31. 31. c. The nature and type of information you need to gather will be determined by your choice of project topic area and the specific research questions and report objectives you set. Depending on the specific research project objectives you set in the topic area, all of the approved topics could be addressed using secondary sources of information only. There is no requirement to conduct primary research although in selecting your topic and organisation and setting your objectives you must consider whether or not you will need some primary information. You do need to look at a wide range of information sources, including Internet sources. A common error is to rely far too much on a single source of information e.g. company annual reports, without considering additional information sources, such as analysts reports, the financial press, consumer journals etc for an alternative viewpoint. You must consult academic sources in order to judge which accounting and business concepts, theories, models and techniques are likely to be of use, both in understanding related issues in your chosen organisation, and also in analysing and evaluating all the other information you have gathered. A business relevant “model” in this context is a representation of part of either what may be termed as the business system or business processes. Its purpose is to facilitate understanding, analysis and assessment of that part of the business system or business processes to which it relates. There are a variety of such models or tools, which can be used. For example,     A PEST model identifies those factors which shape and influence the business environment in which the organisation operates; A SWOT identifies the key issues emerging from an examination of the organisations internal strengths and weaknesses in the context of the opportunities and threats which its business environment presents; PORTER‟S 5 FORCES identifies those factors which determine the level of competition in the industry in which the organisation exists, and thus key aspects of the competitive environment which an organisation faces; The VALUE CHAIN model enables an organisation to analyse and assess its competitive strength. A common fault here is to outline and describe a number of these models without discussing their limitations or applying them to increase understanding of relevant issues in the organisation and its business environment. Neither are they used in analysing and evaluating the information gathered in order to judge how well the original report objectives have been met. The lesson here is to use a smaller number of relevant theories/models etc but to discuss their limitations and apply them both to evaluating the issues in the organisation studied and in explaining your findings and drawing conclusions related to your report objectives. Remember also that a common cause of failure relates to failure in both analysis/evaluation and information gathering/referencing. This arises when a lot of information, not referenced in the text, is included in Section 3 of the report: Results, Analysis, Conclusions, and Recommendations. For example, a detailed SWOT is listed without any referencing at all – there are no sources shown regarding any of the information presented. In some cases parts have been extracted from an annual report, in others from other sources, but none have 28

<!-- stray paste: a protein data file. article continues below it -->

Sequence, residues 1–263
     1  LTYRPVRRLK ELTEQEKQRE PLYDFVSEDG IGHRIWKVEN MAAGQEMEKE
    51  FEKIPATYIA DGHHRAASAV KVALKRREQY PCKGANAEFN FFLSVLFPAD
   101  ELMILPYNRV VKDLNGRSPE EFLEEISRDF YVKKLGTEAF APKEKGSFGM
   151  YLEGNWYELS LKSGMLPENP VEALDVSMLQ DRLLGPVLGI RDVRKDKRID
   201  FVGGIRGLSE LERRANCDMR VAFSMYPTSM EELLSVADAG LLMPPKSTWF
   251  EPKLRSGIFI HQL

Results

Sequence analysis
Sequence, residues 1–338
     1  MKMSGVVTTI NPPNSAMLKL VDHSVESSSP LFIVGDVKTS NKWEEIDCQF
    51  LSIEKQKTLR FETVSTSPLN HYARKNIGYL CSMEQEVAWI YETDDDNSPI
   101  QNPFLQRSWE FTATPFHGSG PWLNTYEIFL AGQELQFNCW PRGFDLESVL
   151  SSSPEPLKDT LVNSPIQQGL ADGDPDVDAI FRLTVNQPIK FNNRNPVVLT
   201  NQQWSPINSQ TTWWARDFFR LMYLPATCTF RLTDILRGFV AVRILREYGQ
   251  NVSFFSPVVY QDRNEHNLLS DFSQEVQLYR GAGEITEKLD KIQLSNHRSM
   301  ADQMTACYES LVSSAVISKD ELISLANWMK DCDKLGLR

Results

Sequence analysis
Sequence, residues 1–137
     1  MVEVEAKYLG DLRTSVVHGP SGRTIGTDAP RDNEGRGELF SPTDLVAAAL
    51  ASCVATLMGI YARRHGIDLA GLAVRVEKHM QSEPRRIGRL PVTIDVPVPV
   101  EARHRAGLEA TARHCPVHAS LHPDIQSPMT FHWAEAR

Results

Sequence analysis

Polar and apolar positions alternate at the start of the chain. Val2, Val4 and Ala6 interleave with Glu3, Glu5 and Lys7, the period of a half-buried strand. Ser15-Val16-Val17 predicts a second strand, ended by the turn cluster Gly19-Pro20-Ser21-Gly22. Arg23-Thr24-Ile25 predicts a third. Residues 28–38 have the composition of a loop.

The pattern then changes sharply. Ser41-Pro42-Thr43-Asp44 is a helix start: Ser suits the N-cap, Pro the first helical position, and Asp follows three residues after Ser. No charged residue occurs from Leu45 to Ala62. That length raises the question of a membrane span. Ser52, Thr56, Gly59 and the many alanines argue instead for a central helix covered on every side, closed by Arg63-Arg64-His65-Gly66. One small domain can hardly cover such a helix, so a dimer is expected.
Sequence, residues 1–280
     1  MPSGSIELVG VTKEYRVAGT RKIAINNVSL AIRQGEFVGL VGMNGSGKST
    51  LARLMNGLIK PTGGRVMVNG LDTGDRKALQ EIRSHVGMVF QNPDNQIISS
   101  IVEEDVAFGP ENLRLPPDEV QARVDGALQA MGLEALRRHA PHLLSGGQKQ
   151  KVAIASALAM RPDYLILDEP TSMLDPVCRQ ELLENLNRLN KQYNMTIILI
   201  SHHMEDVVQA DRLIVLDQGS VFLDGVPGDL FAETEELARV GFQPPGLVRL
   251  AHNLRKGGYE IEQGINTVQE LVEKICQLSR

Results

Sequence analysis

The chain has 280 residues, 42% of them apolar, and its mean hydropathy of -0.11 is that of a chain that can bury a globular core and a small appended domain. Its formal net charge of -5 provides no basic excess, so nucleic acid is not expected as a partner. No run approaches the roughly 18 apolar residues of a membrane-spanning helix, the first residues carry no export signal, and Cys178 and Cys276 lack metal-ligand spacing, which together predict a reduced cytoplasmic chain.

32. 32. been properly referenced in the text. When this occurs, you must realise that you are likely to be failed both in both the technical and professional skill of “analysis/evaluation” on the grounds that it is not possible to judge where the information used comes from and in the graduate skill of referencing. Referencing is an important graduate skill. It acknowledges the work of others, thus avoiding plagiarism, and provides evidence of the extent of your reading. It also enables markers to check cited sources and evaluate your interpretation of them if required. You are required to reference information sources in your report, both in the text and in a comprehensive list of references. d. If you do decide that you must conduct some primary research in your chosen organisation, then there are a number of additional points to watch:    You must obtain permission from a relevant senior person in that organisation. Students often experience difficulties in getting access to the information required from the organisation they select, so you need to clarify what you need and obtain the appropriate permission as soon as possible You must also explain the methods used, sample size and sampling strategy, and comment on the response rate Finally, you need to discuss the ethical issues involved in conducting your primary research and how you resolved them. You should note that where questionnaires or interviews are used, then you must include a copy of the questionnaire used, a summary of responses, a list of interview questions plus details of interviewees and a summary of the main points in their responses in Appendices to your report. You should then extract significant points for comment and as support for your analysis in the main body of your report. Remember also to be aware of the limitations of your information gathering in primary research. Given your likely sample size and response rate, and the word count limits of the RAP you can probably only draw tentative conclusions from your primary research. These constraints generally mean that a complex statistical methodology is not likely to be appropriate. Again this reinforces the need to set limited and realistic research report objectives at the outset of your research process. e. Finally, and of great importance, is the need to remember that a major cause of failure stems from insufficient analysis and evaluation of information gathered and presented. Students seem to have some problems with analysis and evaluation. Analysis implies a detailed study of the elements of a complex phenomenon in order to explain or interpret it more easily. For example, Topic Area 8 concerns “The Business and Financial Performance of an Organisation over a 3 year period”. “Business and Financial Performance” is a complex phenomenon. It contains a number of elements such as market share, market growth, revenue growth, profitability, liquidity, productivity and other efficiency indicators. Such indicators may be quantitative or qualitative. Any study of business and financial performance over a 3-year period must of course take account of the business environment or context in which the organisation operates. This is why a situation analysis, such as a PEST or 5 C analysis, can be of great help, but only if properly applied to the organisation in its business context. Aspects of financial performance may be highlighted by appropriate use of ratio analysis. However, any attempt to explain why these 29